NAIROBI, Kenya, Feb 26 – Over $2 billion would be required to implement HIV prevention interventions in the East African region, a meeting of experts on Thursday concluded.
In the three day meeting, regional experts agreed on the adoption of strategies to stop new infections by developing programmes aimed at reduction of multiple relationships, upscale male circumcision and engage HIV positive people to access the required treatment.
UNAIDS Regional Director, Mark Stirling said East African governments must embrace commitment to halve HIV infections by 2015.
“Perhaps the greatest challenge is for us to move from projects that are donor driven to the mobilisation within communities to bring about the social transformations and changes required,” Mr Stirling remarked.
“There is no point of governments and their partners developing effective strategies if there are no available internal resources and commitments,” he added.
Mr Stirling noted that over 500,000 new HIV infections occurred in the region last year, which could be reduced significantly if governments implemented the new measures agreed upon.
“By 2015, we can actually avert more than 800,000 new infections, which is an extraordinary achievement. Reflect that in the lives of young people growing up free of HIV, the hundreds of children who would benefit from solid parenting,” he added.
Head of the National AIDS and STI Control Programme (NASCOP), Dr Nicholas Muraguri, said Kenya targeted to reach over 80 percent of the adult population to take HIV tests by 2010.
“Since we know the key people who are contributing to the spread like truck drivers, they are going to be offered services across the region such that you can be tested in Nairobi and when you go to any other country in the region you can be treated,” said Dr Muraguri.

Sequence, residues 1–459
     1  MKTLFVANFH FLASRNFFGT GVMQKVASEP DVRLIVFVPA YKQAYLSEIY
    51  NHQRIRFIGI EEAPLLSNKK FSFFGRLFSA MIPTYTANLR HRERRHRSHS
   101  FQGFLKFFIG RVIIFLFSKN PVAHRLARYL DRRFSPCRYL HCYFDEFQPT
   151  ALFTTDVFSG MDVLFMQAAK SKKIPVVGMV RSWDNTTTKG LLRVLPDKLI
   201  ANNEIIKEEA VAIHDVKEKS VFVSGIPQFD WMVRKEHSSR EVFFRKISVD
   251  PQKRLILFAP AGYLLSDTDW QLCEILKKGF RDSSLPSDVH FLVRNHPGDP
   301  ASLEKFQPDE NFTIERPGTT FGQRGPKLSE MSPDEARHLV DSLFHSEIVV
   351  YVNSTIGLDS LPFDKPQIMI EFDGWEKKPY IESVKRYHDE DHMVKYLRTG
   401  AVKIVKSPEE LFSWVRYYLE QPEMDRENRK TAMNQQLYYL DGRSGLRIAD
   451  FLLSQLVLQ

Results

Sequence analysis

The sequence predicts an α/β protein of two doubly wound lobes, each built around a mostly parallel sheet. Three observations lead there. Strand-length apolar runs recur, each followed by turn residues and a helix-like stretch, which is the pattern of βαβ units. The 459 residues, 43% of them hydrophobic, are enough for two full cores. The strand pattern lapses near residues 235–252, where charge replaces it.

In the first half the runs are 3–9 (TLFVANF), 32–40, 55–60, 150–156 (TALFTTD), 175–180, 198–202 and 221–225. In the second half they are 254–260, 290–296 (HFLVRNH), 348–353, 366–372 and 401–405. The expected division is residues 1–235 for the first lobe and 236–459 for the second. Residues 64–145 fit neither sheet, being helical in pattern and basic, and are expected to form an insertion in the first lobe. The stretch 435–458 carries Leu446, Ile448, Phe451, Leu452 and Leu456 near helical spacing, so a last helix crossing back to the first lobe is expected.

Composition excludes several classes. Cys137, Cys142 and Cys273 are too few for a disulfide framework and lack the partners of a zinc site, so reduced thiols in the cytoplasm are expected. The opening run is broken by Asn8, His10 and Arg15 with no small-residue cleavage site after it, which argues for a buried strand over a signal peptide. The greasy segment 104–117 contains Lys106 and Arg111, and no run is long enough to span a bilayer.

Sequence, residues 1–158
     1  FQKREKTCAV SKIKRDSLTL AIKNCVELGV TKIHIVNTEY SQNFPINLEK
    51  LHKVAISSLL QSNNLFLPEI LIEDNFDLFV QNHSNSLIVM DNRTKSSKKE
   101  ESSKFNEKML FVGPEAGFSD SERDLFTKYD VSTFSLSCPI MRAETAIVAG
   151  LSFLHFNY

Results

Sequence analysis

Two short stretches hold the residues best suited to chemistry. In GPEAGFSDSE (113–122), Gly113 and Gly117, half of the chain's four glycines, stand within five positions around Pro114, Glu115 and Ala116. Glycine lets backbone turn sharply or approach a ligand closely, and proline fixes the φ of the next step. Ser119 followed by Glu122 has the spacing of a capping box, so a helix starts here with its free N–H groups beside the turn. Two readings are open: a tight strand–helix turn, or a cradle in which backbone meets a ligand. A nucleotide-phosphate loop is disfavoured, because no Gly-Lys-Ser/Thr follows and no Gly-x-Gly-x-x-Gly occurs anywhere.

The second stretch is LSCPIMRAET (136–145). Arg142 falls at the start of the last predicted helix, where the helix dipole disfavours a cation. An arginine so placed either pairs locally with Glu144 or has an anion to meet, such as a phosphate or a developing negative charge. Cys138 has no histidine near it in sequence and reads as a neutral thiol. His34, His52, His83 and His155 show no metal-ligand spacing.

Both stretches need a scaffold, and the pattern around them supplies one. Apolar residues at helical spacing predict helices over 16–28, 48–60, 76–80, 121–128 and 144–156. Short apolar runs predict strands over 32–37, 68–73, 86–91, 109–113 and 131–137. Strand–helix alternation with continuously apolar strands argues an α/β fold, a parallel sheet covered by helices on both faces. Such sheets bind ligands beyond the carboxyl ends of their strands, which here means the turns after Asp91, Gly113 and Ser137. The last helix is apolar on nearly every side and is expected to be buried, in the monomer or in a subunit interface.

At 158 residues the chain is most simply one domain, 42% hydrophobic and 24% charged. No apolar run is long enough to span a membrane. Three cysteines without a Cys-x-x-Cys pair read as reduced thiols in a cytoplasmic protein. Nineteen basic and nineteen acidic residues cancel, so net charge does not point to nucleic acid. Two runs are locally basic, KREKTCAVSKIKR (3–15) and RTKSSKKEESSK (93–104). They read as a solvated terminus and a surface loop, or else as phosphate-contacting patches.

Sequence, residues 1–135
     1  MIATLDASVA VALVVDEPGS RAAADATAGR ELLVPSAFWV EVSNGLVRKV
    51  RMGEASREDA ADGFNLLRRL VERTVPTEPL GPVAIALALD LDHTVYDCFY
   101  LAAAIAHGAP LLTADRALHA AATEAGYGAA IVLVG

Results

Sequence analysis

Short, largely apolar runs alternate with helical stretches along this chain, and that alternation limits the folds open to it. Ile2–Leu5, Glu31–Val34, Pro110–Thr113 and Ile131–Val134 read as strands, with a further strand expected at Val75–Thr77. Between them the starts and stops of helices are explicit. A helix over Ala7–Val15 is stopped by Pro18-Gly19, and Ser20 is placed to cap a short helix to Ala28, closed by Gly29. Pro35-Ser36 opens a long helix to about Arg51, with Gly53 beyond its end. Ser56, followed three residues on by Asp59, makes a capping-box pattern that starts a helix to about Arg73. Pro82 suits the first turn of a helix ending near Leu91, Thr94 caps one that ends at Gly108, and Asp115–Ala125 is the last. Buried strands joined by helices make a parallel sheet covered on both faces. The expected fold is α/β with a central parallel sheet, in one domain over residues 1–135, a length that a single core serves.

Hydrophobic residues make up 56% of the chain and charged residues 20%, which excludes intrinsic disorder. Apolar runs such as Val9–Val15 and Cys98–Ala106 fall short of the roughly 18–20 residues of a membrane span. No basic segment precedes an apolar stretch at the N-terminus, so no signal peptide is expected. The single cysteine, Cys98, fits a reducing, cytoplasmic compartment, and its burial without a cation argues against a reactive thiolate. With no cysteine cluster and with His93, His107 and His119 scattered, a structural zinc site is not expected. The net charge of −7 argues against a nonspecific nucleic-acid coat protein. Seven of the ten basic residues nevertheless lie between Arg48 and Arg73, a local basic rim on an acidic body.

“The commercial sex workers are also another group that we cannot ignore.”
It was agreed that the implementation of the programmes would begin immediately and would be done at both national and regional levels.
The East African Countries include Kenya, Uganda, Tanzania, Burundi, Rwanda and the Democratic Republic of Congo.
Meanwhile, the International Labour Organisation (ILO) expressed concerns over lack of HIV related programmes in the workplaces.
ILO HIV workplace National Programme Coordinator, Catherine Nderi, said many organisations lacked information on the importance of such programmes in the workplaces.
“I think it’s a misconception that managing HIV is expensive. As we have heard from the insurance companies they are now able to confidently and comfortably cover HIV/AIDS cases,” Ms Nderi said.
“So even when the Human Resources managers have the information they need to assist their employees then we expect that the cost becomes lower,” she added.
She said HIV should be treated and discussed openly like any other disease, even in the workplaces.
Kenya Shell Special Projects Manager, Engineer Patrick Obath urged employers to include HIV in a wellness package to avoid stigma.
“HIV is not something that people should be sacked about, it is just another illness that should actually be taken care of,” he said.
“My view is that we would be able to achieve a reduction of about 30 percent of the costs that we are currently incurring in health care if we appropriately managed HIV.”